Angela Hewitt will dedicate her forthcoming year to performing Bach’s Well Tempered Clavier in major cities around the world. The Bach World Tour will visit over 40 major cities in 25 countries over six continents, a journey staggering in its ambition. Meanwhile, Hewitt’s smaller-scale recital at the Cadogan Hall on Monday lunchtime was a fitting end to this year’s Proms Chamber Music season.
Encasing two pithy sonatas by Scarlatti were Bach’s First and Fourth Partitas. The former was marred by an occasionally too-malleable view of tempo, and various disconcerting stumblings over the beat followed. These are dances, and though it may be manipulated, a clear rhythm is vital.
But the Fourth was majestically played: the Sarabande was a model of evocative playing (the rising scalic figure in bar two seemed to drift into nothingness, and Hewitt allowed the tension to subtly rise during the following melodic elaboration before releasing us, relieved, into the repeat); the virtuosic Gigue moved thrillingly from the especially transparent fugal entries to the white-hot, angrily driven virtuosity of the development section. However, though Hewitt’s stately poise at the piano matched her refined, thoughtful touch of the instrument, technically, she never seemed quite at her elegant best.
The following day, in the pre-concert discussion forum, Nicholas Kenyon noted the scope, range and ambition of the 2007 Proms. There was certainly ambition in the Vienna Philharmonic Orchestra‘s programme on Tuesday: perhaps it was the unusual combination of Bartók, Kodály, Ligeti and Enescu that left so many Stalls seats empty. The cleanliness of the orchestra’s playing will always divide opinions anyway, but here it reaped its own great rewards.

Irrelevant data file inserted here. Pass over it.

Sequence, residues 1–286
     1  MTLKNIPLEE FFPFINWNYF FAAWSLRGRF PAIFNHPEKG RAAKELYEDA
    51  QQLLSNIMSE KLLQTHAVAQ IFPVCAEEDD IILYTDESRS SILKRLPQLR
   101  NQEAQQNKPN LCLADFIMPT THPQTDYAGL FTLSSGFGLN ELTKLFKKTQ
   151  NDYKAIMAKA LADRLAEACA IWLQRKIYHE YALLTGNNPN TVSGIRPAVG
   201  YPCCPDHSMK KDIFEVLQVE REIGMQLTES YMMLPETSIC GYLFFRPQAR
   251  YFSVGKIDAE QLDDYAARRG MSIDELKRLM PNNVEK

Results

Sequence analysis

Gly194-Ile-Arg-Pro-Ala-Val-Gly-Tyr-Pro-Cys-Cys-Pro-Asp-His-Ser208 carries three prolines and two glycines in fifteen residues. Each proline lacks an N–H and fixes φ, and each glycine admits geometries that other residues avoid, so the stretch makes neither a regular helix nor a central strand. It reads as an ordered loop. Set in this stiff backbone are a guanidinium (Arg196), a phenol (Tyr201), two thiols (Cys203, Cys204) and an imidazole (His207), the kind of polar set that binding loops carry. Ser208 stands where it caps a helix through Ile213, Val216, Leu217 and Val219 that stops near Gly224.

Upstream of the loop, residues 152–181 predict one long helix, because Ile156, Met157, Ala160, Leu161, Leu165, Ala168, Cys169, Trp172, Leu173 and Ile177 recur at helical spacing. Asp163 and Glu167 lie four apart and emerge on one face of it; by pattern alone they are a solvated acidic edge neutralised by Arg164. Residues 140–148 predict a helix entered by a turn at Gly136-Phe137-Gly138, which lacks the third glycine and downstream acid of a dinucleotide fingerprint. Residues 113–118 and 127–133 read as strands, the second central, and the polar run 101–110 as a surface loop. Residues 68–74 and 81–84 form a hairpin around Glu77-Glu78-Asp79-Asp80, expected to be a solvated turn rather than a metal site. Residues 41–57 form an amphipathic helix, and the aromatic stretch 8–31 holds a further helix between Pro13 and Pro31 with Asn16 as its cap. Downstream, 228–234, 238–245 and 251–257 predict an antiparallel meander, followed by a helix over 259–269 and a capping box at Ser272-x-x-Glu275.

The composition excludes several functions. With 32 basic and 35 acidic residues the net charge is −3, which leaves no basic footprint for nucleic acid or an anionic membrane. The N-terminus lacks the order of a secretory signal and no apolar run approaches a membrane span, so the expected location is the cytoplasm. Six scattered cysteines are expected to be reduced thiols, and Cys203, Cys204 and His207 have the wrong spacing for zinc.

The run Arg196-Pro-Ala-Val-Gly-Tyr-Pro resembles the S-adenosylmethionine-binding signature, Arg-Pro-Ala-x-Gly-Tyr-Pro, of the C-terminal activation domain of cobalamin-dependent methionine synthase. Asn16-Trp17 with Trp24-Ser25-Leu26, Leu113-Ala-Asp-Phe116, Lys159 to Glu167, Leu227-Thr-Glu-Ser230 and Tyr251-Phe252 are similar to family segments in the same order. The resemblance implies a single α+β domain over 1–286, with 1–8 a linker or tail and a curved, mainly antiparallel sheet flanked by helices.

What the opener, Bartók’s Music for Strings, Percussion and Celesta, lost in febrile intensity, it gained in attention to colour and shape. Daniel Barenboim conducted in wide, three-dimensional blocks of sound: the individual lines of the Andante fugue could be lost, but the textural gradations of the movement came to the fore. And likewise with the mysterious, spindly melodic fragments of the Adagio.
In the concert’s second half, Ligeti’s Atmosphéres inhabited a similarly expansive sound world, yet one harsher and even more elusive. The double basses found a new graininess of sound, the brass were edgy and crackling and the penetrating piccolo shriek at the work’s centre truly horrified. One could not help but be drawn in by Barenboim’s expansive, mesmeric conducting. The remaining programmed works and encores were technically efficient and often characterful (the superb woodwind especially), though at times, some fizz seemed to be missing from the more ebullient rhythms. Commitment to the moment – something the Simón Bolvar Youth Orchestra of Venezuela so sublimely demonstrated last month – seemed oddly lacking at times, for all the sonic splendour that was on show.